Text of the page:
Map can be found at: Prudence East

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Along The Bob Clachrie Trail

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Along The Old Inn Trail

Compass Rose Beach – North Kingstown

  • Compass Rose Beach
  • Roger Williams Way, North Kingstown, RI
  • Trailhead:  41°35’12.07″N, 71°24’56.55″W
  • Last Time Hiked: August 8, 2018
  • Approximate distance hiked: 0.3 miles
  • Easy beach walk

 

Hot summer day… check, very short walk… check, by the water… check. Compass Rose Beach is a very small beach at Quonset Point facing south towards the West Passage. It is just west of the Martha’s Vineyard Ferry Terminal at the end of Roger Williams Way. Though small and in an industrial area, the beach is very clean with views of the North Kingstown shoreline, Jamestown, and the Jamestown Bridge.

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Looking Towards The Jamestown Bridge

 

Sand Point Light – Portsmouth

  • Sand Point Light
  • Narragansett Avenue, Portsmouth, RI
  • Trailhead:  41°36’22.33″N, 71°18’17.89″W (1 mile from ferry)
  • Last Time Hiked: July 29, 2018
  • Approximate distance hiked: 0.4 miles
  • Easy.

 

There is a large grassy area on a hill just in front of the lighthouse along Narragansett Avenue. Walking down the hill leads you to a grass mowed path that will lead you to the historic lighthouse and beach area. The lighthouse, the oldest existing in Rhode Island, was built in Newport in 1823 and moved to Prudence Island in 1851 where it has since stood. Its green beacon can be seen throughout the East Passage and from the mainland from Bristol to Middletown. The lighthouse itself withstood the historic hurricanes of 1938 and 1954, but the keepers house was swept out to sea during the 1938 storm killing five people. Making your way out to the actual point you will get a sweeping view of the East Passage including both the Newport Bridge and Mount Hope Bridge. On clear days you see up Mount Hope Bay to Fall River and the Braga Bridge. The Hog Island Light is also visible from here. Continuing to the Town Dock onto Landing Lane and then right onto Narragansett Avenue will conclude this short walk.

 

NOTE: If you plan on hiking on Prudence Island, be known that the island is not commercialized. There are no restaurants, lodging, or transportation services. There are no public restrooms on the island except a composting toilet by the T-Wharf at the southern end of the island, which is several miles from most hikes. Once you are off the ferry you are on your own. Bring everything you will need for a day hike with no services. Furthermore, ticks are in abundance on the island. It is necessary to take precautions including proper clothing, sprays, and frequent checks.

 

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Sand Point Light With The Mount Hope Bridge In The Distance

Veterans Memorial Bridge – Fall River/Somerset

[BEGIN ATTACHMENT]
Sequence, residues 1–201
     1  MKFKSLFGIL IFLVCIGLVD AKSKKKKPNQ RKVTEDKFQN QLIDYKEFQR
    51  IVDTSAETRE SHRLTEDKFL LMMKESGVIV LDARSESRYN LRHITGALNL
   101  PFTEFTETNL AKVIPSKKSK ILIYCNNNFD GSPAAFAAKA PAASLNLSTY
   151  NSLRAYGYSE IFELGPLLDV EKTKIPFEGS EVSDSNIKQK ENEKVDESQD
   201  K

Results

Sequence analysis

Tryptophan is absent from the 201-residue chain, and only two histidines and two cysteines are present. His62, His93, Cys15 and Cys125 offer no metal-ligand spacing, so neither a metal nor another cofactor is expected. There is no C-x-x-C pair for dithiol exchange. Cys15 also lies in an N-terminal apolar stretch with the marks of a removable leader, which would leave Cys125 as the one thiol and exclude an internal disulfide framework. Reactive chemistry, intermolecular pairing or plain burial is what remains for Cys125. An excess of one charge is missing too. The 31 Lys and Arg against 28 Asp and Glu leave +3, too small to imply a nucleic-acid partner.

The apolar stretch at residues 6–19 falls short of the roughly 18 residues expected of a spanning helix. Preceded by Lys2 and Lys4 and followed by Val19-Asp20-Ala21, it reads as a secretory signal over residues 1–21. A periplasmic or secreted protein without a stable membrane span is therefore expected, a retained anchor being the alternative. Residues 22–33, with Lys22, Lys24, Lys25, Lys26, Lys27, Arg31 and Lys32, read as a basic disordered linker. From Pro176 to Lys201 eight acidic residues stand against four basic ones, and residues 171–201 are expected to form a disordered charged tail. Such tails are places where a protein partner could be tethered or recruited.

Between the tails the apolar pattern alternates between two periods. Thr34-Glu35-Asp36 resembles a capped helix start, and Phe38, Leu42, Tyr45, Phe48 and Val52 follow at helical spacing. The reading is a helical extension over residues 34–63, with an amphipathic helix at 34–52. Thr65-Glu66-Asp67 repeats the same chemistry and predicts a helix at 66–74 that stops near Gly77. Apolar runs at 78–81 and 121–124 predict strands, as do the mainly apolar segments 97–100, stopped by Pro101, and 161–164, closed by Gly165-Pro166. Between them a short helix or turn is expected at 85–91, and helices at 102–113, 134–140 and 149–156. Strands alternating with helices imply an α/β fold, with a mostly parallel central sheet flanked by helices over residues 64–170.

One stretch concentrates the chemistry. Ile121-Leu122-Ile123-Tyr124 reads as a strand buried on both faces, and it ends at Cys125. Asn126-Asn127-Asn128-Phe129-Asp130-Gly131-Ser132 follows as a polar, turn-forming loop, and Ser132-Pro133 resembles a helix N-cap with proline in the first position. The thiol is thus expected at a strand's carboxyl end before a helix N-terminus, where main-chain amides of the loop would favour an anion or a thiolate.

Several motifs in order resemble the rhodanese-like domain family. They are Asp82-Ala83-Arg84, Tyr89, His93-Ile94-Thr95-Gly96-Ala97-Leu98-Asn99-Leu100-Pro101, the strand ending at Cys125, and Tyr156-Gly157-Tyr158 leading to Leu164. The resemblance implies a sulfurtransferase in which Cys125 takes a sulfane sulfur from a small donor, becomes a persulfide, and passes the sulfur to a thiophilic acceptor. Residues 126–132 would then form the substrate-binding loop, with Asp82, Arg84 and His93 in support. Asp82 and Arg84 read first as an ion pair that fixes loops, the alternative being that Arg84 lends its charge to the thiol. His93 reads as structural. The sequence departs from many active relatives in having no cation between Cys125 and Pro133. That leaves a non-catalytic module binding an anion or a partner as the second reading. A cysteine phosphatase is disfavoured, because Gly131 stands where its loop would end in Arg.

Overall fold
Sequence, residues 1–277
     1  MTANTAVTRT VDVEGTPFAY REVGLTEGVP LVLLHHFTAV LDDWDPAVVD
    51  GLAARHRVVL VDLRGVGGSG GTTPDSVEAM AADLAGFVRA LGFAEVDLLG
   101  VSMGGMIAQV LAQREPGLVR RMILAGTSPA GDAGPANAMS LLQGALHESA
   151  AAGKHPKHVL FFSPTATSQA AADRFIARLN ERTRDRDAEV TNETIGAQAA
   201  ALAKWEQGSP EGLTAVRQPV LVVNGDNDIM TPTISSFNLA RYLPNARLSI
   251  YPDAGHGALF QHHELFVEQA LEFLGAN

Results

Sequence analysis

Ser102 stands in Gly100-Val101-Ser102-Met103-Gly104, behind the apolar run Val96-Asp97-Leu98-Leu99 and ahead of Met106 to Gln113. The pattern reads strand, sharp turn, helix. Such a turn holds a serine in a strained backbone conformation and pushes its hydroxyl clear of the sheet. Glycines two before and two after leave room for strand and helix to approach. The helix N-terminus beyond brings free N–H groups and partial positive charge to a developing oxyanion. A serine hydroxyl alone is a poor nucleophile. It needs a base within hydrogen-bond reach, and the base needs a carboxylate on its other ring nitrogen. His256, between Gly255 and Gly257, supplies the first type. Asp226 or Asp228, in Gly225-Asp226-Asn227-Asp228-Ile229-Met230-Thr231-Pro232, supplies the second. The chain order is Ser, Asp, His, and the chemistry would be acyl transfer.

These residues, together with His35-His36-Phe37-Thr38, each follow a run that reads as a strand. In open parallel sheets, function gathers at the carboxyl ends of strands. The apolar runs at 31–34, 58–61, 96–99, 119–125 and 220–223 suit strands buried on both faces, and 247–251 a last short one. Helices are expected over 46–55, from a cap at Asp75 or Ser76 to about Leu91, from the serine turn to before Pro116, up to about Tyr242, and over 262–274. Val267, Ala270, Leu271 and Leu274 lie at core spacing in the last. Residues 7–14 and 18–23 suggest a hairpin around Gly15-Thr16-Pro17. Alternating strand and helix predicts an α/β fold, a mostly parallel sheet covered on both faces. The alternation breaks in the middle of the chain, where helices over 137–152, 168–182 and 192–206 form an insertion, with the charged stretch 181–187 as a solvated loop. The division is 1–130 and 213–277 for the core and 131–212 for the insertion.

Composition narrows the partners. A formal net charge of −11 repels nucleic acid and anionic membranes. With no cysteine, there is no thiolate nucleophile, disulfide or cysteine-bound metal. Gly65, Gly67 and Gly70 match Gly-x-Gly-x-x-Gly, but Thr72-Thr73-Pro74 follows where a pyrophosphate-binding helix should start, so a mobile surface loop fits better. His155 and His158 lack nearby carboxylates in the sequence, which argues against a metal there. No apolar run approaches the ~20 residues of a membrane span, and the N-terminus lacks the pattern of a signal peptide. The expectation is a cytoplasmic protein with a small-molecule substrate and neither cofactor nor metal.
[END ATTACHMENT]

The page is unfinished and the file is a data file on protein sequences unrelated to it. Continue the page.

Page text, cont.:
• Veterans Memorial Bridge/Pvt. Michael E. Bouthot Bicycle Path
  • Grand Army Highway, Somerset, MA
  • Trailhead: 41°43’43.18″N, 71° 9’37.92″W
  • Last Time Hiked: August 8, 2016
  • Approximate distance hiked: 1.9 miles
  • Fairly easy.

On the tenth anniversary of the September 11th terrorist attacks, the new bridge spanning the Taunton River between Fall River and Somerset was dedicated to area veterans. The bike path that is on the north side of the bridge was then dedicated to Pvt. Michael E. Bouthot, a young resident of Fall River, who died in 2006 in the war in Iraq. The bridge and bike path officially opened a month later. The bike path in its entirety is just under a mile long starting at the intersection of Grand Army Highway and Brayton Avenue in Somerset. It then heads downhill to Riverside Avenue where there is a memorial to Pvt. Bouthot. The path then crosses the Taunton River on the bascule drawbridge. From the bridge you can see a power plant just north of Breed Cove and several miles beyond it. To the south you can see the old Brightman Street Bridge, Braga Bridge, Battleship Cove, Brayton Point, the Borden Flats Lighthouse, and the Mount Hope Bridge. After crossing the bridge the path curves around and under the bridge before concluding at Wellington Street in Fall River.

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Veterans Memorial Bridge

Calf Pasture Point – North Kingstown

This hike in North Kingstown is tucked away on former military property out on Quonset Point. The hike offers quite a bit in both variety and views. A pair of binoculars is a must for this hike. Also, before embarking on this hike, you should check the tides. The beach portion of the hike will be nearly impossible and impassable during high tide. Starting from a parking lot at the end of Marine Road, we went to the eastern entrance to the bike path. The western entrance is the Quonset Bike Path that leads to Post Road. At the entrance is an informational board with a map. For the next 1.3 miles we followed the paved bike path to its terminus at Narragansett Bay. The bike path passes Allens Cove along the way. At the end of the bike path is Calf Pasture Beach. It is quite possibly one of the best kept secrets in the state as far as beaches. It is a long, clean strand with sweeping views of Narragansett Bay. To the north you can see the Warwick Neck lighthouse. To the northeast, you can see Barrington Beach and Rumstick Point nearly eight miles away. Even further, you can see the massive cooling towers in Somerset, Massachusetts, which are about thirteen miles away. To the east and southeast you can see almost all of the major islands of the bay including Patience, Prudence, Hope, Aquidnick, and Conanicut. Also visible from the beach are all three of the major Rhode Island bridges (Mount Hope to the east, Newport and Jamestown to the south). For the next mile we followed the beach south to the point where Allens Cove meets the bay. After traversing the point we soon found a rocky access road. The road soon starts to cut through the interior of the point. We first passed several shrubs before entering a pine grove. There are several spur trails to the right the meander around the property. Also, keep an eye out for a swing on the left. At the time of this hike it was safe for use. (Yes, it was tested!!) We followed the main trail to its end at the bike path, then followed the bike path back to the parking area. There are no blazed trails on the property.

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Along the Bike Path at Calf Pasture Point